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The Human Immuno- Deficiency Virus

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The Human Immuno- Deficiency Virus

Dr Nnenna Chidolue

Human Immunodeficiency Virus (HIV) is a viral infection that attacks the body’s immune system i.e the body’s ability to fight infections, thereby making the body more susceptible to infections. HIV can lead to AIDS. HIV is transmitted via unprotected sex, transfusion of infected blood, sharing of sharp objects, mother-to-child during pregnancy, labour or nursing. There are approximately 37.9 million  people worldwide living with HIV at the end of 2018, over two-thirds of this live in Africa (25.7 million).

The increase in accessibility and use of Antiretroviral Therapy (ART) has resulted in people living with HIV/AIDS to live long and healthy lives with the need for lifelong care and treatment. 

Tuberculosis (TB) is the number one cause of death among people Living with HIV/AIDS in Africa. Measures that can be taken to reduce this risk include but are not limited to: routine TB screening at each health care visit, early initiation of ART, isoniazid preventive treatment and TB infection control. The risk of developing TB is estimated to be between 16-27 times greater in people living with HIV/AIDS than among those without HIV infection. Other common infections among people living with HIV/AIDS are: cryptococcal meningitis, hepatitis B and C viruses, and human papillomavirus. HIV positive persons who become infected with hepatitis B or C virus are at increased risk for chronic hepatitis. WHO recommends that HIV positive individuals are vaccinated as early as possible with HBV vaccine. 

The transmission of HIV by HIV-positive mother to her child either during pregnancy, labour, delivery or breastfeeding is called mother-to-child transmission. WHO advises that all HIV-positive pregnant and breastfeeding women should receive ART regardless of clinical stage of disease, CD4 count or viral load. Early initiation of ART for the mother (preferably before pregnancy, depending on when diagnosed HIV positive), a short course of ART for the baby(first 6weeks of life or first 12weeks of life for high risk babies) as well as appropriate breastfeeding practices are proven ways to prevent mother-to-child transmission. ART are safe to use during pregnancy and generally don’t increase the risk of birth defects. Babies born to HIV positive mothers are healthy as long as prevention of mother-to-child transmission practices are strictly adhered to. Mothers living with HIV who are on ART and adherent to therapy should breastfeed their babies exclusively for the first 6months. Women living with HIV can have a healthy pregnancy just like every other woman by ensuring regular antenatal care visits, regular intake of ART,  healthy diets, exercise and rest. Mode of delivery for a woman living with HIV is highly individualized, there’s no one size fits all.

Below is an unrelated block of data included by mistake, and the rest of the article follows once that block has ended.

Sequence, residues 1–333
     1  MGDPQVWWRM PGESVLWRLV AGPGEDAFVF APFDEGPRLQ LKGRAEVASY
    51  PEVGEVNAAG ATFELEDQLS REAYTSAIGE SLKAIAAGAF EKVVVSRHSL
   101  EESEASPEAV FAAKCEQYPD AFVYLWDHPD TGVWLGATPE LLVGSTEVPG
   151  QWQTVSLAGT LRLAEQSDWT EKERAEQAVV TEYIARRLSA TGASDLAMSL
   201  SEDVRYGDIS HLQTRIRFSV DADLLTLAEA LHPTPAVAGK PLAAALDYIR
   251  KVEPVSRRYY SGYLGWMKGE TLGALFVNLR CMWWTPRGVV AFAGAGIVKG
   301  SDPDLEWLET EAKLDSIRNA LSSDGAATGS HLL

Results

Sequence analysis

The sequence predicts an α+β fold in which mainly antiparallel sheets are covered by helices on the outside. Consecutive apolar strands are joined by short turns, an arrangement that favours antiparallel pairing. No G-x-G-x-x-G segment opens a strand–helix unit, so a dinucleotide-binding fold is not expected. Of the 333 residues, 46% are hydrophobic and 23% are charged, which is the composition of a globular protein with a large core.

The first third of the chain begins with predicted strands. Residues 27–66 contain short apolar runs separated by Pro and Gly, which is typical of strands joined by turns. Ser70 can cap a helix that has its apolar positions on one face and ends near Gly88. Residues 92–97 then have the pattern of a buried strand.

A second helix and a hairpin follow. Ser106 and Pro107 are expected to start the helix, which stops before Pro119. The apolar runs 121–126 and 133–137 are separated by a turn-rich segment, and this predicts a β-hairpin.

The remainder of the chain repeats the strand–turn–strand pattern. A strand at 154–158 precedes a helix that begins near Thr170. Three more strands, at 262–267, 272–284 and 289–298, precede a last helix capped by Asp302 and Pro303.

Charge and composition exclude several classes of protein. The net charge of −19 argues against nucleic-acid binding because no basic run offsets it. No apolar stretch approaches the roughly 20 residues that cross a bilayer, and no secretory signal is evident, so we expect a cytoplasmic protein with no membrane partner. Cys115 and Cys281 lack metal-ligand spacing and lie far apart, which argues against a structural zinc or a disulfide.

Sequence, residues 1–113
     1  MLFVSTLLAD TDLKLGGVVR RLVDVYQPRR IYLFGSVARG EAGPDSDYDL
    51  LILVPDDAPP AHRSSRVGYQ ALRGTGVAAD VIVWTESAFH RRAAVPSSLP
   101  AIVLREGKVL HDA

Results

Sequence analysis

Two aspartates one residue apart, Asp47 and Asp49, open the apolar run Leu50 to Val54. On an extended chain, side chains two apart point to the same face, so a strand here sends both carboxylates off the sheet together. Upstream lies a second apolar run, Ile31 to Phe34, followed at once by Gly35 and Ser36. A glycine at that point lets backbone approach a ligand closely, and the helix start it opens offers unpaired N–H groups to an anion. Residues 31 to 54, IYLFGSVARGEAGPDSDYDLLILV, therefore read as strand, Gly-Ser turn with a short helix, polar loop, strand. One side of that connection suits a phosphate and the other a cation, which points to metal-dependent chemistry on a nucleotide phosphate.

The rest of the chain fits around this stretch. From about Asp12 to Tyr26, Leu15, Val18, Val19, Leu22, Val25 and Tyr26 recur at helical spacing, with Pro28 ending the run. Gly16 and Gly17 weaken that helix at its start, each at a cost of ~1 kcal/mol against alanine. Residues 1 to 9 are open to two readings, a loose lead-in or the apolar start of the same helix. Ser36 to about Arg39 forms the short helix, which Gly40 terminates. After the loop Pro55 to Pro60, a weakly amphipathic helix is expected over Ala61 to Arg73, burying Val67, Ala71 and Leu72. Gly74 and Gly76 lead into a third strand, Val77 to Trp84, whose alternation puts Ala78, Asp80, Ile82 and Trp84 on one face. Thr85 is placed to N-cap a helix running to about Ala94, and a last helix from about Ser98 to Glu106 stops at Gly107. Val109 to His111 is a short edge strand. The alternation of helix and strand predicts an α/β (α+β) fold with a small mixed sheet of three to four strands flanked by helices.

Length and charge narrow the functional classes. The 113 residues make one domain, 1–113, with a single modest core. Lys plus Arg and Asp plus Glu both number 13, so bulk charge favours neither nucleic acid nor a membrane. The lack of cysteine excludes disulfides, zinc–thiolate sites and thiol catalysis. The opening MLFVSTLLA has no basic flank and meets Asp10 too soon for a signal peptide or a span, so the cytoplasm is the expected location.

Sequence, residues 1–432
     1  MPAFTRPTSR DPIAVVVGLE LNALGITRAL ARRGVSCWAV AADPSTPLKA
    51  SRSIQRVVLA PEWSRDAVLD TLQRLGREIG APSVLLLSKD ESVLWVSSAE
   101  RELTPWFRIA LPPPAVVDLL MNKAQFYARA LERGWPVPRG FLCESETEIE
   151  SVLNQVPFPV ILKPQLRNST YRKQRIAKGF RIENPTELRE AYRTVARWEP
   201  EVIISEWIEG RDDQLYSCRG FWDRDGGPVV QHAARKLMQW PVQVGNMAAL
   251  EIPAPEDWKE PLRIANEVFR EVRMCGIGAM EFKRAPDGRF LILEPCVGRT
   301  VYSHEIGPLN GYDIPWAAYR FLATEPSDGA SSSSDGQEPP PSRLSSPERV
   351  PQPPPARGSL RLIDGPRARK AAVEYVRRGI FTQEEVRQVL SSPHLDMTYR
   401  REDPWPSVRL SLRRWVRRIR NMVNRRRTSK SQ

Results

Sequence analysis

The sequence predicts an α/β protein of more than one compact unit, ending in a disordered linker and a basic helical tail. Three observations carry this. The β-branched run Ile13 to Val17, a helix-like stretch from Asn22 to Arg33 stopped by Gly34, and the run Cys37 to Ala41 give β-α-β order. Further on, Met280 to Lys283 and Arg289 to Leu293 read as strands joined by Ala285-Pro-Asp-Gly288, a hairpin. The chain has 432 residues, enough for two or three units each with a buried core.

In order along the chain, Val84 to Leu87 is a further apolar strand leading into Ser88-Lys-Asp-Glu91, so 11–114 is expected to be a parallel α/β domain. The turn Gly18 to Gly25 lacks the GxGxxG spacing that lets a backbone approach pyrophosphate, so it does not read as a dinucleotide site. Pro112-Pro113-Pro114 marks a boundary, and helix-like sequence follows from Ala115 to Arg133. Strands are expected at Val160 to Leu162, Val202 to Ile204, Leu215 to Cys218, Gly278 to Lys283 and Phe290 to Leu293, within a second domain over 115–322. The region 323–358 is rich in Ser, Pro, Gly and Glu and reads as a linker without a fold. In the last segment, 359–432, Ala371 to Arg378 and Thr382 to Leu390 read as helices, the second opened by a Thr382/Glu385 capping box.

Unfortunately, there are still some incidences of HIV transmission via rape, use of infected needles on unsuspecting individuals or even in accidental needle prick/occupational hazards. This is indicative of the need for increased awareness at the grassroots/rural communities of the availability of post-exposure prophylaxis (to be commenced within the first 72hours of the incident). Post-exposure prophylaxis is free and can be accessed in hospitals that offer antiretroviral therapy clinical services. It is taken daily for a duration of one month. 

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Pre-exposure prophylaxis (PrEP) is the daily intake of some antiretroviral drugs by individuals who are at a very high risk for HIV e.g. serodiscordant partners (sexual partners where one is HIV negative and the other HIV positive ), injection drug users. PrEP is highly effective when taken daily and much less effective when it is not taken as such (reduces the risk of getting HIV from sex by about 99% when taken daily and by about 74% in people who are injection drug users).

The continuous promotion, protection and advocacy of the human rights of people living with HIV/AIDS at all levels, will help to ensure inclusion and maximum participation in accessing available opportunities per time, as well as curb stigmatization.

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